And now for some Doctor Who neepery! Let me get my disappointment out of the way first. There was a big missed opportunity for a serious continuity deep-dive at O’s remote Outback house, which is supposed to be stocked with remnants and artifacts from previous alien invasions of Earth. Would it have killed them to show a few things, like maybe a Cyberman helmet, or a Sontaran wand gun, or the plastic gun hand of an Auton? It felt like such a wasted opportunity. Same with O’s files on the Doctor. How great would it have been to see Graham flip through some photographs with mounting surprise as he sees pictures of Tom Baker, Jon Pertwee, Sylvester McCoy, David Tennant, etc.? I know it would be fan service, but I’m a fan and sometimes I want to be serviced! (Okay, that came out weird, but hopefully you know what I mean.)

But it’s not all missed opportunities. The Master has his Tissue Compression Eliminator again, the weird weapon that doesn’t just kill his victims but shrinks their bodies down to doll size! I don’t think he has used his TCE at all in the revival series, but it was his weapon of choice during the classic series and I was happy to see it again. The Master also calls himself the Doctor’s “best enemy,” which are the words the Third Doctor used to describe him in the 1983 20th anniversary special “The Five Doctors.” There’s a brief mention of UNIT and Torchwood, both of which are apparently gone now due to the budget cuts mentioned last season. And of course, the episode was dedicated to the memory of the “masterful Terrance Dicks,” longtime writer and script editor of classic Doctor Who, who, along with Robert Holmes, helped create the Master back in 1971.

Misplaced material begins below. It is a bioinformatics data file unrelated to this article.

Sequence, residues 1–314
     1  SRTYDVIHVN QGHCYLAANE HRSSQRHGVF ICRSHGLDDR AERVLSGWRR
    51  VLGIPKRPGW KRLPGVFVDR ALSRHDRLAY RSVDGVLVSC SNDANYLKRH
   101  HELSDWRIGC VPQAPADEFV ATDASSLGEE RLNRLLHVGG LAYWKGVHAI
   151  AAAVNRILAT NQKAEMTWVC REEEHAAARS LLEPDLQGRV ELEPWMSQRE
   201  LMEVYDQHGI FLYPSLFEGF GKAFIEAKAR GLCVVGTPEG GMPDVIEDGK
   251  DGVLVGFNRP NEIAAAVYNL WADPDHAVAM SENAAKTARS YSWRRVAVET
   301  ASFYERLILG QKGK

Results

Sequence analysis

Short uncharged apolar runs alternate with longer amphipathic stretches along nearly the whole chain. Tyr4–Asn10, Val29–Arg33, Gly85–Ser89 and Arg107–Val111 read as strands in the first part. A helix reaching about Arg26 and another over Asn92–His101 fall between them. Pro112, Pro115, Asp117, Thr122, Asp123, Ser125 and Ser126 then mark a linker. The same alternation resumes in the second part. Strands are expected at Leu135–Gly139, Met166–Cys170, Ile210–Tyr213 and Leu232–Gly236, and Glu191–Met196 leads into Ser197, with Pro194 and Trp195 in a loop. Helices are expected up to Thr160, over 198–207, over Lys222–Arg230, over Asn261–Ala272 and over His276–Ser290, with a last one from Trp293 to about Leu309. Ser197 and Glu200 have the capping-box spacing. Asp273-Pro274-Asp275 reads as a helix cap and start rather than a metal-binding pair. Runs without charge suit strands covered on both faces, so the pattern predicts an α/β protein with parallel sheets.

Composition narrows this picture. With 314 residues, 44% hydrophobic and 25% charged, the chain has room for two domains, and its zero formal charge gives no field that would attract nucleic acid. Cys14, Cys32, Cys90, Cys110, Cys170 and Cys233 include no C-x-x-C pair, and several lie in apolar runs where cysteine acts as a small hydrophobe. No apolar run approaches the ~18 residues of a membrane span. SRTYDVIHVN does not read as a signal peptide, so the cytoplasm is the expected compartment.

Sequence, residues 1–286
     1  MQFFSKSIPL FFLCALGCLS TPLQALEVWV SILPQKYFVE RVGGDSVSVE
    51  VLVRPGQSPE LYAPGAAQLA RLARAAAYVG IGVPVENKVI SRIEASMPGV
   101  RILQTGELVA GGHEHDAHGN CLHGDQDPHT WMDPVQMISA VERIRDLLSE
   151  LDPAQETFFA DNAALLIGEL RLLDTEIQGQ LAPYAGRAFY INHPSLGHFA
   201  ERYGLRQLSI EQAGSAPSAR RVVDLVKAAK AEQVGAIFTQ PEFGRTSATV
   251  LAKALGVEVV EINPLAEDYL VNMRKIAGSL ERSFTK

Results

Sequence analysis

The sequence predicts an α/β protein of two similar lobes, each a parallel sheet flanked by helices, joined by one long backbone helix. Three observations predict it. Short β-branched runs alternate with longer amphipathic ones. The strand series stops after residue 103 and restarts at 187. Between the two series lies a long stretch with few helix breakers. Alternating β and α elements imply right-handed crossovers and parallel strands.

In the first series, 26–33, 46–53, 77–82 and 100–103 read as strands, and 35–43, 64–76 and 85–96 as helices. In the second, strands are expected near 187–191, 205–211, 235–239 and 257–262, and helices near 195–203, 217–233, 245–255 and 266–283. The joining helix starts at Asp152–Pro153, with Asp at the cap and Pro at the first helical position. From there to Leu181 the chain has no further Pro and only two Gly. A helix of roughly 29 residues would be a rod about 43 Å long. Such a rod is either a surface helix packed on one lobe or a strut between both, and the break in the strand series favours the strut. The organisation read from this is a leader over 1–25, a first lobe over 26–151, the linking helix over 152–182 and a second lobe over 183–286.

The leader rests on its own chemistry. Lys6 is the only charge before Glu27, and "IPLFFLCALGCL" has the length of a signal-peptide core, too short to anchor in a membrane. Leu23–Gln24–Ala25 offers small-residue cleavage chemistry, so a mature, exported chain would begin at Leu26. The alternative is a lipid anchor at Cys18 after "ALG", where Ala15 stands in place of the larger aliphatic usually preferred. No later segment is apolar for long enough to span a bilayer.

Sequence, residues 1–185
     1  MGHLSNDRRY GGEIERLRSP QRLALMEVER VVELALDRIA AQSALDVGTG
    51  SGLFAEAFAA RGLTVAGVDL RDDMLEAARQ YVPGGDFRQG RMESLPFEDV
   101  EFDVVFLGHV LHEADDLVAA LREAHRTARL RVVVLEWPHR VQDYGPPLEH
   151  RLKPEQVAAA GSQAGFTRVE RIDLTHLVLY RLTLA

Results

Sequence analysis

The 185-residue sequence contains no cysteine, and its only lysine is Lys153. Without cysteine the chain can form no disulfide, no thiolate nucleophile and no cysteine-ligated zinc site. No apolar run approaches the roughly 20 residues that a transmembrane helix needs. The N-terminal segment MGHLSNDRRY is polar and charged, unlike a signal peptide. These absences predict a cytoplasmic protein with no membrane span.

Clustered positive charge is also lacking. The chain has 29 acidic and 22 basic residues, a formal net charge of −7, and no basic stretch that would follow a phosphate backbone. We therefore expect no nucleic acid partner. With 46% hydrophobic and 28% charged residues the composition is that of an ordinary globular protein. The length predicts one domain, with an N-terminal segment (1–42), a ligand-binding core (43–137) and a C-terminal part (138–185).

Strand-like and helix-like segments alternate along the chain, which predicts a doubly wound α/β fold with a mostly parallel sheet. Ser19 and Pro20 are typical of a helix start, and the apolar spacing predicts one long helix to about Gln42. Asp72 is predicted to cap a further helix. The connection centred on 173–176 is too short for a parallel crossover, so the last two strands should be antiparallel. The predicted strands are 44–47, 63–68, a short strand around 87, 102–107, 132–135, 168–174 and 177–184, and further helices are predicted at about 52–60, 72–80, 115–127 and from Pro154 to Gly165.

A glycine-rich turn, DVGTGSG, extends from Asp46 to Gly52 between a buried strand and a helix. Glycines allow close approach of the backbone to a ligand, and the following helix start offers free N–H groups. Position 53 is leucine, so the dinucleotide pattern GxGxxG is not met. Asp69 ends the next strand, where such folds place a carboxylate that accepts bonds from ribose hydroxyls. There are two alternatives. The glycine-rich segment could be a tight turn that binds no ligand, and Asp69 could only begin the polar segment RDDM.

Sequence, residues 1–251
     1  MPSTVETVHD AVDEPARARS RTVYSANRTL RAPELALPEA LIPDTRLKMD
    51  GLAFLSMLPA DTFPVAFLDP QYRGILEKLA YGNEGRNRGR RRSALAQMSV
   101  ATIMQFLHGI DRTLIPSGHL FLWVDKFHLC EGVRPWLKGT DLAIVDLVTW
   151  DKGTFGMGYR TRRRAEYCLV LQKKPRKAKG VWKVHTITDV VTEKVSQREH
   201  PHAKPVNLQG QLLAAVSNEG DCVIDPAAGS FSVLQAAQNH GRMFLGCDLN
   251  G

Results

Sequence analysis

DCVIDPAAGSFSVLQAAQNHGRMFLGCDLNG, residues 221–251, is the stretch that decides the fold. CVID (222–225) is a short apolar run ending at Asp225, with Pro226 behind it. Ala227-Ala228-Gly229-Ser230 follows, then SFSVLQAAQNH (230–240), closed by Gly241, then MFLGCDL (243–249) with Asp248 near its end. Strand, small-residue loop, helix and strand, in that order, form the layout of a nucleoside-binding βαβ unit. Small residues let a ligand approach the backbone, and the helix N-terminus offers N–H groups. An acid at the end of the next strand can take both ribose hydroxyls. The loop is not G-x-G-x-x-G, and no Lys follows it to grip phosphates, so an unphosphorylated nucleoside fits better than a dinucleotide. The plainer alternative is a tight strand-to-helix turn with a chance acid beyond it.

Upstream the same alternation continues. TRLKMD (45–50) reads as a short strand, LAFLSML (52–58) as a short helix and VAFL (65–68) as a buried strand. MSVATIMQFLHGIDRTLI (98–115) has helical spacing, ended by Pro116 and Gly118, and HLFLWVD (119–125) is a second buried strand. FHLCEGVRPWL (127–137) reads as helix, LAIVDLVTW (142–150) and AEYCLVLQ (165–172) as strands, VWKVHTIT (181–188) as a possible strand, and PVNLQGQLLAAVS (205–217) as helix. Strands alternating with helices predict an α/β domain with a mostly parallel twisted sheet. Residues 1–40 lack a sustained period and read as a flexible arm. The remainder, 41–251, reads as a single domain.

One response to “Doctor Who: “Spyfall, Part 1””

  1. R. Francis Smith says:

    “Unfortunately, the Doctor herself remains a sketch of Doctorish behavior and humor.”

    We had exactly this discussion in a mildly lengthy car ride today — she’s all “isn’t the Doctor wacky?” and, yes, the Doctor IS wacky, but that’s hardly ALL the Doctor is. The Doctor is compassionate — okay, she’s got that. The Doctor is alien. I haven’t seen enough of that. And… the Doctor is scary. Sometimes terrifying. And we’ve gotten none of that.

    In a way it’s almost a reverse Capaldi. The mistake made with Capaldi early on was to do scary and wacky immediately and then actually MAKE FUN OF THE IDEA of compassionate. Yeah. But by the time he was making speeches like the one in the Zygon two parter, then he was a great Doctor, and wound up saying some of the greatest lines and monologues about kindness.

    Matt Smith, about whom I know we disagree, got do do wacky, compassionate and scary all by the second episode; it was later that the balance got skewed, alas. Eccleston and Tennant also at least as quickly (although Tennant’s Doctor brought the terrifying to maybe ridiculous extremes in Family of Blood, but never mind.)

    So yeah. The Master’s about, it’s time for the Doctor to bear down. Show us the Time Lord now.

    My family is unsure about the new Master but I’m excited, particularly after reading an interview with Sacha Dhawan, who seems very keen to dig into the part and bring out some real meat in it. And yeah, the TCE! Poor Auntie Vanessa, I still mourn her.

    The show still feels very crowded and I’m not sure what to do about it. And of course, my poor American ears struggle with the Yorkie accents but, you know, the show’s not made for me, so that’s my problem. I remain hopeful. Capaldi’s run hadn’t truly started to shine quite yet at this point, either.